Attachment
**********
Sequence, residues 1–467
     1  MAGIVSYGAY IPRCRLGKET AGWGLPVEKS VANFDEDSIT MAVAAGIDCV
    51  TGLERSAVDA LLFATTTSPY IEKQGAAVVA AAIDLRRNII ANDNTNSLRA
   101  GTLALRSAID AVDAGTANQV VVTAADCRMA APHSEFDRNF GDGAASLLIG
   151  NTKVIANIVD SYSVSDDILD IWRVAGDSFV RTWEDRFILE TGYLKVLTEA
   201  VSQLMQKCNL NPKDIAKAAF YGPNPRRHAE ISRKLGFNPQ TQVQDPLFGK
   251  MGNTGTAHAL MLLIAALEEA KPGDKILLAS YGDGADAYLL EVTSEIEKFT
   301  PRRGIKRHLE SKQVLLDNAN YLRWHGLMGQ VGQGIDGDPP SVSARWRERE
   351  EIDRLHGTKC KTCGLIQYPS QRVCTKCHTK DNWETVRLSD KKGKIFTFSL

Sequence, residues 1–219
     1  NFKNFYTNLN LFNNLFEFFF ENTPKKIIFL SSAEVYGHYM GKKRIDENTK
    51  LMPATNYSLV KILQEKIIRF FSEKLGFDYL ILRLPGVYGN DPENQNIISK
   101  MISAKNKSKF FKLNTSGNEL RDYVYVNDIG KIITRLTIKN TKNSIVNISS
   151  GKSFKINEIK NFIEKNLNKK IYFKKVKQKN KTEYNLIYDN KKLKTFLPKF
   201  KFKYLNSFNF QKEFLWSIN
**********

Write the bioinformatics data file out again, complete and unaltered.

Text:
Sequence, residues 1–467
     1  MAGIVSYGAY IPRCRLGKET AGWGLPVEKS VANFDEDSIT MAVAAGIDCV
    51  TGLERSAVDA LLFATTTSPY IEKQGAAVVA AAIDLRRNII ANDNTNSLRA
   101  GTLALRSAID AVDAGTANQV VVTAADCRMA APHSEFDRNF GDGAASLLIG
   151  NTKVIANIVD SYSVSDDILD IWRVAGDSFV RTWEDRFILE TGYLKVLTEA
   201  VSQLMQKCNL NPKDIAKAAF YGPNPRRHAE ISRKLGFNPQ TQVQDPLFGK
   251  MGNTGTAHAL MLLIAALEEA KPGDKILLAS YGDGADAYLL EVTSEIEKFT
   301  PRRGIKRHLE SKQVLLDNAN YLRWHGLMGQ VGQGIDGDPP SVSARWRERE
   351  EIDRLHGTKC KTCGLIQYPS QRVCTKCHTK DNWETVRLSD KKGKIFTFSL

Sequence, residues 1–219
     1  NFKNFYTNLN LFNNLFEFFF ENTPKKIIFL SSAEVYGHYM GKKRIDENTK
    51  LMPATNYSLV KILQEKIIRF FSEKLGFDYL ILRLPGVYGN DPENQNIISK
   101  MISAKNKSKF FKLNTSGNEL RDYVYVNDIG KIITRLTIKN TKNSIVNISS
   151  GKSFKINEIK NFIEKNLNKK IYFKKVKQKN KTEYNLIYDN KKLKTFLPKF
   201  KFKYLNSFNF QKEFLWSIN